Senators tussled over the cost of climate legislation Tuesday with the leading author of the bill maintaining that while energy prices will increase, inaction on global warming would cause even worse economic and security problems.
"Are there some costs? Yes sir, there are some costs," said Sen. John Kerry, D-Mass.. But of the array of studies that show restricting greenhouse gases will lead to higher energy prices, he said, "none of them factor in the cost of doing nothing."
Kerry was the leadoff witness as the Senate Environment and Public Works Committee began a series of marathon hearings this week on a bill that would cap greenhouse gas pollution from power plants and large industrial facilities. The bill aims to reduce emissions 80 percent by mid-century. Kerry is an author of the legislation.
Republican members of the panel were in lock step in their criticism of the so-called "cap-and-trade" legislation, characterizing it as a huge energy tax on average Americans.
"Cap and trade is very expensive. This is something the American people can't tolerate and I don' think they will," said Oklahoma Sen. James Inhofe, the panel's ranking Republican and a vocal skeptic of climate chance science.
But Kerry said it has long been shown that voluntary action has not contained the carbon dioxide and other greenhouse gases that are being trapped in the atmosphere. Those gases are causing a dangerous warming of the earth, according to many climate scientists.
"Not taking action is more expensive," said Kerry. He said a curb on fossil fuel use will lead to clean energy jobs and allow the United States to develop new technologies that otherwise would likely be developed by other countries including China.
"America's leadership is on the line here," Kerry said.
Top Obama administration officials sounded a similar theme in their testimony before the committee.
Energy Secretary Steven Chu said if the United states does not develop and produce clean energy technologies -- from wind turbines to next-generation batteries and solar cells -- "China and other countries will." He said enactment of climate legislation is the "critical step (that) will drive investment decisions toward clean energy" in the United States.
"Only new legislation can bring about the comprehensive and integrated changes that are needed to restore America's economic health and keep the nation secure over the long term," added EPA Administrator Lisa Jackson.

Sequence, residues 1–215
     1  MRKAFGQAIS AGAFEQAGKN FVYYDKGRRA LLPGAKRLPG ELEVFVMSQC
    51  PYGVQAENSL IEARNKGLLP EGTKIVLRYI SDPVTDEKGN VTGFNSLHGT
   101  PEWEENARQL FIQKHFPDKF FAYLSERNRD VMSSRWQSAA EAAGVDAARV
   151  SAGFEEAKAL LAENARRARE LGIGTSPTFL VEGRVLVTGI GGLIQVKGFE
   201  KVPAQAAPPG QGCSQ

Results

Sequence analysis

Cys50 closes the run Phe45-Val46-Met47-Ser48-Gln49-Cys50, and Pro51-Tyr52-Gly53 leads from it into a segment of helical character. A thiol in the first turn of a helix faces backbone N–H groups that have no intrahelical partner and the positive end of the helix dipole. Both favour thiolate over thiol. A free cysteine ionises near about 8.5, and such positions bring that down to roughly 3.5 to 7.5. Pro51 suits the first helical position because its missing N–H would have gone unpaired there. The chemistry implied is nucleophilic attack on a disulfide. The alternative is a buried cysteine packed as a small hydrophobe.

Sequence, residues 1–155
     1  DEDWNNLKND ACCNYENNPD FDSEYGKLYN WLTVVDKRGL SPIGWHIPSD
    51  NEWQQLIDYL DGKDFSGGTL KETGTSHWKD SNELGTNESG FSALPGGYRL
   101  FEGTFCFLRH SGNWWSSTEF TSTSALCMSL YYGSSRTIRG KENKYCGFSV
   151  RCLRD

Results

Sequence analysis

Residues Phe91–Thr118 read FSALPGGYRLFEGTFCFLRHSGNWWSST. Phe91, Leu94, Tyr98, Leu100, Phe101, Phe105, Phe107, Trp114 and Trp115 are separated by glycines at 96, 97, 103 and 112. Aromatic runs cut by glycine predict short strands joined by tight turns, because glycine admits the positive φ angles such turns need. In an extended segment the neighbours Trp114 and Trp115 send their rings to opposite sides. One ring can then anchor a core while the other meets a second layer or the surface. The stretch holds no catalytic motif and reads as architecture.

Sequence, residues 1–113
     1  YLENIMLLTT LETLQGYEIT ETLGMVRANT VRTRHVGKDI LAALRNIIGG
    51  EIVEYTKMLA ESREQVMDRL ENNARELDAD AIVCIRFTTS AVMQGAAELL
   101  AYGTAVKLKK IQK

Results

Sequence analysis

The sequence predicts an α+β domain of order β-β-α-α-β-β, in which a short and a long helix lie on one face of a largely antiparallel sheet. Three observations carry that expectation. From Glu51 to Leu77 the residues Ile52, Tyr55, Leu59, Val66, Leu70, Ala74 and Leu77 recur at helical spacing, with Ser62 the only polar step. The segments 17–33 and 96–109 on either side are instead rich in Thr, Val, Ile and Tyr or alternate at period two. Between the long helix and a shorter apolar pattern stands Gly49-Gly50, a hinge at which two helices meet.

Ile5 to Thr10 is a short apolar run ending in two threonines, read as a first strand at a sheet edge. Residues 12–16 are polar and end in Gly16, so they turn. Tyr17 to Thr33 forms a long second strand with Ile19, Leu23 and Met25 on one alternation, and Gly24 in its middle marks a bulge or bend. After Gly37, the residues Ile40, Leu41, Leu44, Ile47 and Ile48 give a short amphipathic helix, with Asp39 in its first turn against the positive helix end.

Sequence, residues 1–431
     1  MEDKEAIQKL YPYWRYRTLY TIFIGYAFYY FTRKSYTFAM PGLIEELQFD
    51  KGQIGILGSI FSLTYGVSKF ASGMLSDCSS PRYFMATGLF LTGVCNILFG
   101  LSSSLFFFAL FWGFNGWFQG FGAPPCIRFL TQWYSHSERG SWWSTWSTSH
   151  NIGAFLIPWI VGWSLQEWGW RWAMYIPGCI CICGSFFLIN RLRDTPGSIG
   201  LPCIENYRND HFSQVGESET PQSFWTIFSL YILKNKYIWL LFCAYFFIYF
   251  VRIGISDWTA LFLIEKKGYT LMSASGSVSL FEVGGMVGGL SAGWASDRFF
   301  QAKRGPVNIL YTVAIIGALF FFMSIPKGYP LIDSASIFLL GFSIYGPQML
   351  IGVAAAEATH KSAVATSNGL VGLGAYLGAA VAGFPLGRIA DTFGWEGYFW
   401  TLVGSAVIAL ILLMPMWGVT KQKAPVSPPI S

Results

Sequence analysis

But even some Democrats have reservations about the bill assembled by Kerry and Sen. Barbara Boxer, D-Calif., the committee chairman.
Sen. Max Baucus, D-Mont., said he had "serious reservations" about the bill's aggressive effort to cut emissions over the next decade. The bill calls for greenhouse gases to be cut by 20 percent by 2020 compared to 2005 levels and 43 percent by 2030.
"Montana can't afford the unmitigated impacts of climate change," Baucus acknowledged. "But we also cannot afford the unmitigated effects of climate change legislation." While the state is a producer and user of coal, it also has seen early effects of a warming trend, including loss of glaciers and the destruction of pine trees from a warmer weather beetle infestation.
Republicans complained that Boxer, who hopes to have a vote on the bill in early November, is trying to push the bill through without adequate study into its cost.
"Why are we trying to jam down this legislation now? Wouldn't it be smarter to take our time and do it right," said Sen. George Voinovich, R-Ohio. He said it is still unclear how the legislation would affect the price, reliability and supply of electricity or whether it would make a dent in the global warming problem since it is a global environmental concern.
But Kerry said the climate debate has been under way for 20 years and requires urgency. "The science is pleading us to take action," he said.
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Senate Environmental and Public Works Committee: http://www.epw.senate.gov